Leveraging the existing directory architecture of the network is an incredibly simple way to populate the presence system and decreases the man-hours and costs associated with both its creation and maintenance. In this particular contact lists and group chat capabilities. Another potential pitfall to SIMPLE is that SIP uses both TCP and UDP (User Datagram Protocol) as transport layers. TCP includes congestion control, whereas UDP does not, thereby opening the door for packet loss during times of network congestion. In addition, according to one industry analyst, presence awareness might be problematic with SIMPLE. However, the peer-to-peer capability of SIMPLE can be a benefit because it avoids putting a heavy load on the servers. The initial message connection goes through servers, and then after that, all the data carried within the message goes directly between clients allowing you to support a lot more users with a particular hardware configuration because much less message traffic is passing through the server.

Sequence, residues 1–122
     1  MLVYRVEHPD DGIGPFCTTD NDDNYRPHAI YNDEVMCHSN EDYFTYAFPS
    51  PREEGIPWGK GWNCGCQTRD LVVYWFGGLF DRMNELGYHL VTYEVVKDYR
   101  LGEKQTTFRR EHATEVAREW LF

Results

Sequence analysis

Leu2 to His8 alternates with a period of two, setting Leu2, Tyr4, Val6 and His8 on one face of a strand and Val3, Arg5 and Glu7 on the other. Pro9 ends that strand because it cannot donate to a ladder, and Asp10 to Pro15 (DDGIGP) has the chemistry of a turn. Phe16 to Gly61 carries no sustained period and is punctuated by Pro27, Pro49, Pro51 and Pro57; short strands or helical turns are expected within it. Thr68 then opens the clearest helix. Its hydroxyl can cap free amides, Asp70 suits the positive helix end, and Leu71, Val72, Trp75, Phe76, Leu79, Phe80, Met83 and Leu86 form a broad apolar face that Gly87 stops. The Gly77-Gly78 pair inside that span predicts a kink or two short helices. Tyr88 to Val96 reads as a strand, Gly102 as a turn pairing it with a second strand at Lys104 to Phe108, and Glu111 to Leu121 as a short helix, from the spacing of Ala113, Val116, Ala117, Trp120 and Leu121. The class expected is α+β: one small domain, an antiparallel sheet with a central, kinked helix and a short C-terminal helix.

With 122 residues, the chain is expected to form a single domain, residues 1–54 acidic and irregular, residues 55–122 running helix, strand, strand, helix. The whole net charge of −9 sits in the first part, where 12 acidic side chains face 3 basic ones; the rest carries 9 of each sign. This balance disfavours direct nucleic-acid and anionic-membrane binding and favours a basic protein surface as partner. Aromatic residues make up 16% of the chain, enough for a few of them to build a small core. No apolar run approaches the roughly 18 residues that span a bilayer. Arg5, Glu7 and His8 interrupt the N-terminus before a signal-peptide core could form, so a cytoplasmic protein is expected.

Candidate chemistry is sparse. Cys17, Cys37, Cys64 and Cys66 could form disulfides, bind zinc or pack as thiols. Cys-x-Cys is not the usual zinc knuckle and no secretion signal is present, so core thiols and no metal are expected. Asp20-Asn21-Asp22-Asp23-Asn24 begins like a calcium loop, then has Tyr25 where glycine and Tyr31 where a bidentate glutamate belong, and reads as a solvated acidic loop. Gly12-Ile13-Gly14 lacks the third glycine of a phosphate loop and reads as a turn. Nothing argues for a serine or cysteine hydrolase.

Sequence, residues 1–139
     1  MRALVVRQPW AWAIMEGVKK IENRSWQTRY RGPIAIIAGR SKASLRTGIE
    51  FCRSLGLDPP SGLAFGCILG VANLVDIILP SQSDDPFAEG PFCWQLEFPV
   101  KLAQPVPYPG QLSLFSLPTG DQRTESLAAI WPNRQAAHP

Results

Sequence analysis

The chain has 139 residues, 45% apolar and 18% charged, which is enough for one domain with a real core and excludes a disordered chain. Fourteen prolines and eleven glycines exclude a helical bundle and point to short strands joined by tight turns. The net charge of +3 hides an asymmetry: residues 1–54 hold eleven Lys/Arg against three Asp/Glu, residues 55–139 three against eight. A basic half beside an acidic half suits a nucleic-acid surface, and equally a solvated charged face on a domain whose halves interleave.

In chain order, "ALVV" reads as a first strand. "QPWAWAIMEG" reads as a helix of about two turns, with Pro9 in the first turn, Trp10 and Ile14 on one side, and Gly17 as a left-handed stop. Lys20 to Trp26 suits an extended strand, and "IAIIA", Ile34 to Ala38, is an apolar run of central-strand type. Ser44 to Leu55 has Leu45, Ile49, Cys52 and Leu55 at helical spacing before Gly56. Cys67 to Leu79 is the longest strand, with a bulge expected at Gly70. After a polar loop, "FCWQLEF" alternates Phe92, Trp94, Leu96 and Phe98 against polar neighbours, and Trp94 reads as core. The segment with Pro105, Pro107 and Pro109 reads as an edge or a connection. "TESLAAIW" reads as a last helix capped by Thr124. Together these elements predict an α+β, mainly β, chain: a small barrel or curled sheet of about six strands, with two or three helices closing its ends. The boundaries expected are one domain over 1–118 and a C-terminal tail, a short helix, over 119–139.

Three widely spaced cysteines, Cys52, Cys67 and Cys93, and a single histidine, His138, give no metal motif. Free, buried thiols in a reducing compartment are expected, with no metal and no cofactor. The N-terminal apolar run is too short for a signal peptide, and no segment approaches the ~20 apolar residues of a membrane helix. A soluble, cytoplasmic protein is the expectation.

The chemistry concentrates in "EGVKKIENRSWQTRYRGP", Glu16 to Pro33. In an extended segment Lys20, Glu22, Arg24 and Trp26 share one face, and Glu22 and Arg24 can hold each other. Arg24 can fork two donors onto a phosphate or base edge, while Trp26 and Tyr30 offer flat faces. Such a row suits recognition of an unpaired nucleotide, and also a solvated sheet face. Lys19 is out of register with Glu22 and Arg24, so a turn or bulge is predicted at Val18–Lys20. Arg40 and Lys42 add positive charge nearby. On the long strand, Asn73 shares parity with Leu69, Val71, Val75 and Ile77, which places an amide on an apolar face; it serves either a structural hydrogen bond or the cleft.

The other standard, XMPP, is an XML-based data-transport technology that may be better suited than a signaling technology to handle IM and presence. According to its designers, one major benefit of XMPP is that it can be extended across disparate applications and systems because of its XML base. Bell South, for example, is using XMPP as a building block for constructing real-time, digital call-center applications. XMPP is seen as a very robust communications protocol � not just for IM. XML as a messaging structure allows users to tie into other applications and can offer more services to the enterprise. Vendors, carriers, and users don�t have to make much in the way of modifications to XMPP. It is highly extensible as opposed to SIP/SIMPLE, which requires some fairly specific customization in order to support both IM and presence.